SHEFFIELD, England — In the Scottish Highlands, scientists have unearthed an extraordinary fossil at least a billion years old. This rare find is thought to be the “missing link” in mammalian development.
Researchers from the University of Sheffield and Boston College say the billion-year-old microfossil comprises two unique cell types and may be the oldest multicellular animal ever discovered. The fossil sheds new light on how single-celled creatures evolved into sophisticated multicellular animals. The most primitive living organisms are unicellular holozoa. This newly discovered fossil indicates an organism halfway between singular and multicellular animals.
In a recent study published in Current biologythe fossil was given the name Bicellum brasieri. “The origins of complex multicellularity and the origin of animals are considered two of the most important events in the history of life on Earth, our discovery sheds new light on these two elements”, states the co-author. Charles Wellmanprofessor in the Department of Animal and Plant Sciences at Sheffield, in a statement.
The fossil, unearthed by scientists in Loch Torridon in the Scottish Highlands, is remarkably preserved. Thanks to this, the researchers were able to analyze the individual cells of the organism and even the subcellular components.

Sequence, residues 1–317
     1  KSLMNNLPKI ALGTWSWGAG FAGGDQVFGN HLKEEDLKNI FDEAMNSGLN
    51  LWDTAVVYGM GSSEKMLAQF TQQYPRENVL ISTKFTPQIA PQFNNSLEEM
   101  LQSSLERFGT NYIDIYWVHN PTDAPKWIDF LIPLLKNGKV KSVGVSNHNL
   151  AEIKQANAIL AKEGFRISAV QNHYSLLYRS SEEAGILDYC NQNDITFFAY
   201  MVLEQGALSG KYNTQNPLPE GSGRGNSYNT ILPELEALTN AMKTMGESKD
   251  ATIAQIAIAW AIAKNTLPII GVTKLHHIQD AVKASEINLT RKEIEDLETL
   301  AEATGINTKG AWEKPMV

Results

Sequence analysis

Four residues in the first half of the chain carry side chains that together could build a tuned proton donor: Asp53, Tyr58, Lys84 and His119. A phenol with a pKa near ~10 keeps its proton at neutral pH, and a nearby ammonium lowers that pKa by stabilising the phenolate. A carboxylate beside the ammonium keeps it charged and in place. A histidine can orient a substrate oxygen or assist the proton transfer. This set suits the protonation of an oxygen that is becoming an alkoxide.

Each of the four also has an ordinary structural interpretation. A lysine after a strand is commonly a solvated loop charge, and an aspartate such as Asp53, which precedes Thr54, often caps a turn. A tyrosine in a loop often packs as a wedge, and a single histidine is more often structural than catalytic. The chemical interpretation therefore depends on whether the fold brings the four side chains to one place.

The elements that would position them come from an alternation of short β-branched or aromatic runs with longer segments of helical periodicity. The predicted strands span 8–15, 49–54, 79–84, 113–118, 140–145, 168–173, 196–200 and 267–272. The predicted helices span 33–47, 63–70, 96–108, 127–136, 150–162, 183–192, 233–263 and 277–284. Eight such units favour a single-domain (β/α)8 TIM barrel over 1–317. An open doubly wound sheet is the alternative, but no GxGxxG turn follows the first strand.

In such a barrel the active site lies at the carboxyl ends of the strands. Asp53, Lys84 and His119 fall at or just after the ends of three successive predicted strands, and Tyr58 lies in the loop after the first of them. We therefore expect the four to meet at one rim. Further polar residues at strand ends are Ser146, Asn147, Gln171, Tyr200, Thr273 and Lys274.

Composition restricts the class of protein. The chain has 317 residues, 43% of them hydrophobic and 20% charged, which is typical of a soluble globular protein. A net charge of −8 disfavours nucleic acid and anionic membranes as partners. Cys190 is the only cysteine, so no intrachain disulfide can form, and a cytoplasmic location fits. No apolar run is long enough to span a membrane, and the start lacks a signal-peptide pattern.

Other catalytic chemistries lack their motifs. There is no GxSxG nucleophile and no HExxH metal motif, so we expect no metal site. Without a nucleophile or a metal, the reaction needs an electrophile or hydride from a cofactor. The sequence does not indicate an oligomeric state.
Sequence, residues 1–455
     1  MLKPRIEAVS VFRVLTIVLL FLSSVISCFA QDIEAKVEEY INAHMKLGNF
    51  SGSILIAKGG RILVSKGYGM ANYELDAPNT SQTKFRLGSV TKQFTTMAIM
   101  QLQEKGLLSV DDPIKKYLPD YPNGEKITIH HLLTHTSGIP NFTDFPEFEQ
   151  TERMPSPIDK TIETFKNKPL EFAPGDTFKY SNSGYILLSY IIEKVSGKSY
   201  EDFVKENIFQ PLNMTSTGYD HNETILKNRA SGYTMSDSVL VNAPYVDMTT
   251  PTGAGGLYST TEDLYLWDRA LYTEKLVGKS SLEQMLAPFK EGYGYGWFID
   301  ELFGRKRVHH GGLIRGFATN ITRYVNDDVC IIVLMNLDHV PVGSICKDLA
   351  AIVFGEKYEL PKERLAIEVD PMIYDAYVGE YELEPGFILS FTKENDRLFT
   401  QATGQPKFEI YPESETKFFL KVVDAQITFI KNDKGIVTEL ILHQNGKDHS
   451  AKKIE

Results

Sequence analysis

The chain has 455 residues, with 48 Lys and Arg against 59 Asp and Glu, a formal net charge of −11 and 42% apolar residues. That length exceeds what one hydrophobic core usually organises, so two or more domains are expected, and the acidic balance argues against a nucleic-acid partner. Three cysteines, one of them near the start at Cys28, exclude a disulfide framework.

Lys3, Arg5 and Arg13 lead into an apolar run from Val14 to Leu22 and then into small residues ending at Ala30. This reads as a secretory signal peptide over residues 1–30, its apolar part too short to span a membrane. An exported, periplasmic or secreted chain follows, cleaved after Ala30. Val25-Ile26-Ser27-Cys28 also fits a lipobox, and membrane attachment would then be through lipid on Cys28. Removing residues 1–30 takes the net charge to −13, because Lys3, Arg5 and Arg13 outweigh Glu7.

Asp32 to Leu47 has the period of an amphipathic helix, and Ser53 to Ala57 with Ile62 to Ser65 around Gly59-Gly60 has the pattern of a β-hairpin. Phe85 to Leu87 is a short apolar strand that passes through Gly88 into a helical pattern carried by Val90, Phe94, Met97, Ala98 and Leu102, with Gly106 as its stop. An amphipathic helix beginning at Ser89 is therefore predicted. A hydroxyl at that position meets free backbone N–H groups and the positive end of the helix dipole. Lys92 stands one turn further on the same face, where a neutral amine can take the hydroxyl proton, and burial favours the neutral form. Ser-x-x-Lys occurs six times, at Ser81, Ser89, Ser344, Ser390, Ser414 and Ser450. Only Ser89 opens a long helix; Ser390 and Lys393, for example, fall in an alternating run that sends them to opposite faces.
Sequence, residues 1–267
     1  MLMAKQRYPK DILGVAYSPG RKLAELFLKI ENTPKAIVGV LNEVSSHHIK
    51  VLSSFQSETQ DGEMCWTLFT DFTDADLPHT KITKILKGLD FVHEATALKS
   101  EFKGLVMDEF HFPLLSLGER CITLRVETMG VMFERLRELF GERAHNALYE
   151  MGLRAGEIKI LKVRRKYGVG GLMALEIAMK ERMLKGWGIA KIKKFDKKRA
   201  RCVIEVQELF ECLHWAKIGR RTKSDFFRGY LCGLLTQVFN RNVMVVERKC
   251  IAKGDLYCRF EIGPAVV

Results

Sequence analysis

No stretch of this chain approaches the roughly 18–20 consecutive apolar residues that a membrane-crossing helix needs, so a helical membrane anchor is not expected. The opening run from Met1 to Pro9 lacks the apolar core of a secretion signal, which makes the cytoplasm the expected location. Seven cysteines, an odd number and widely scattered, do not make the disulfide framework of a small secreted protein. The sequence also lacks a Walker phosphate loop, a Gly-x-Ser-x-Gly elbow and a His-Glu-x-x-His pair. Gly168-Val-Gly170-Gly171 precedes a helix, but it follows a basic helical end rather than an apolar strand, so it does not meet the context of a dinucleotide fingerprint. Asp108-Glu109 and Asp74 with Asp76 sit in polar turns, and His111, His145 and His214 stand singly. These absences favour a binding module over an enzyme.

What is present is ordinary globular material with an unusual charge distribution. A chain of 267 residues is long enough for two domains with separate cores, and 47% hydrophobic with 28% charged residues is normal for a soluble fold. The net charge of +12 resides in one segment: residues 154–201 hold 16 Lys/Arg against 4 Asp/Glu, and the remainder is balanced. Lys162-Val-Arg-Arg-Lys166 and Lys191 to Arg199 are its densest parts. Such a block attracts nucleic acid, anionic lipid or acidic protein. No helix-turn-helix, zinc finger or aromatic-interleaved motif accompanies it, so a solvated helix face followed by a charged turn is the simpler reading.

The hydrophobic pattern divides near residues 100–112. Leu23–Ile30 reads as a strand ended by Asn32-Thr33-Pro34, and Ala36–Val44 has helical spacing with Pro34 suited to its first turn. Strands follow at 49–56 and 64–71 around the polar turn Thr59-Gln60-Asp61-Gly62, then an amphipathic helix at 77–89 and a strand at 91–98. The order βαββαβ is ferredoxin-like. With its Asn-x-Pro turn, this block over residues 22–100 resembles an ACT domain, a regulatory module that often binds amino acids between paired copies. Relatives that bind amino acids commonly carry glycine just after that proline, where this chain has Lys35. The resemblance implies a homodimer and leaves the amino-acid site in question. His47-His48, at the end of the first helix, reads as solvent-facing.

“We have found a primitive spherical organism composed of an arrangement of two distinct cell types, the first step towards a complex multicellular structure, something that has never before been described in the fossil record,” says Professor Wellman. “The discovery of this new fossil suggests to us that the evolution of multicellular animals occurred at least a billion years ago and that the earliest events predating animal evolution may have occurred in lakes. freshwater rather than in the ocean.”
The team is now searching for other intriguing fossils in the Torridonian strata that may provide more clues to the origin of the multicellular creatures.
“Our study of life in billion-year-old lakes is challenged by our ability to determine what kinds of organisms are represented in these deposits,” adds Boston College paleobotanist Paul K. Strother, in a press release. “Previously, we assumed that most of what we see in these deposits are various types of extinct algae, but the morphological characteristics of Bicellum more closely resemble those of modern single-celled relatives of animals. This leads us to broaden our approach to reconstruct the diversity and ecology of life on Earth a billion years ago.